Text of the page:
(RxWiki News) The risk of stroke is higher for diabetic patients than the general population. A new stroke treatment for diabetics may significantly improve survival and chance of disability.
The new treatment to be tried during a national trial involves administering IV insulin infusion therapy within 12 hours of acute ischemic stroke symptoms. That infusion would be given for up to three days.
"Go to the hospital immediately if stroke symptoms appear."
Dr. Karen C. Johnston, chair of the University of Virginia department of neurology and principal investigator of the national trial, said she is excited about the effort to improve the care of stroke patients with diabetes. She said results of the trial will aid health care providers in determining the best treatments for diabetic patients, resulting in better outcomes.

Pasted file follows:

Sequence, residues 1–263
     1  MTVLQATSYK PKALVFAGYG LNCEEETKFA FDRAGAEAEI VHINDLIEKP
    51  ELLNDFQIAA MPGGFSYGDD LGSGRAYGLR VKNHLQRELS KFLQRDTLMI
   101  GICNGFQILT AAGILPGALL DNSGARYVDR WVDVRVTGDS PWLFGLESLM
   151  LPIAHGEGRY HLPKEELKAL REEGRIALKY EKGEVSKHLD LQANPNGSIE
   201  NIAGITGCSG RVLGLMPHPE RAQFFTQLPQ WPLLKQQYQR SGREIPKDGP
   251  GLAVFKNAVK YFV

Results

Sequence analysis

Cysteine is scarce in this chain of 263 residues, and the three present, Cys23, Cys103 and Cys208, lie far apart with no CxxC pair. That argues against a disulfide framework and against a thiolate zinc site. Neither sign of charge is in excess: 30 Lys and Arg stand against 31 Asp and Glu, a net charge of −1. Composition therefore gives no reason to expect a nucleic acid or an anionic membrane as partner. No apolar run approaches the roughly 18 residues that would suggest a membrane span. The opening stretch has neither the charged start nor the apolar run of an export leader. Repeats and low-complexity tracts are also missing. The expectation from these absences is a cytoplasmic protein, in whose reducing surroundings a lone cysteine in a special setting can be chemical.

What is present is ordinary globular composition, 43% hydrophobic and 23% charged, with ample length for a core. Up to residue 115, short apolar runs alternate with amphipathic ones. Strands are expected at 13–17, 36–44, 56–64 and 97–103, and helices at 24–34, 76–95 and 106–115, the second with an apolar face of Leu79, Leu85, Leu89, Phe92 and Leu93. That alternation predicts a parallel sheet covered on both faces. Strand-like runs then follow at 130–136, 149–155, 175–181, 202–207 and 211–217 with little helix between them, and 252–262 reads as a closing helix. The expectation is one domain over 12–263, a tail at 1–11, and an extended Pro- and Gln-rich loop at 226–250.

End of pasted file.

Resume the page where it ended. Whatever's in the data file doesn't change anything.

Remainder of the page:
The trial, which will take place at more than 50 national centers, is funded through a $25 million grant from the National Institutes of Health. Named Stroke Hyperglycemia Insulin Network Effort (SHINE), researchers plan to determine the effectiveness of a novel approach to controlling sugar very soon after a stroke in diabetic patients.
Researchers hope that the new treatment will aid these patients by bringing blood sugar to a normal level, which could improve the outcome for patients.
Of about 750,000 in the United States who have a stroke each year, about 40 percent of those with have acute ischemic strokes have high blood sugar. These types of strokes are associated with worse patient outcomes, including a higher chance of death or disability.
Patients included in the study must be diabetic with elevated blood sugar on initial evaluation. They must agree to go to the hospital quickly after symptoms appear.
The SHINE trial is sponsored by the National Institutes of Neurological Diseases and Stroke, a division of the National Institutes of Health.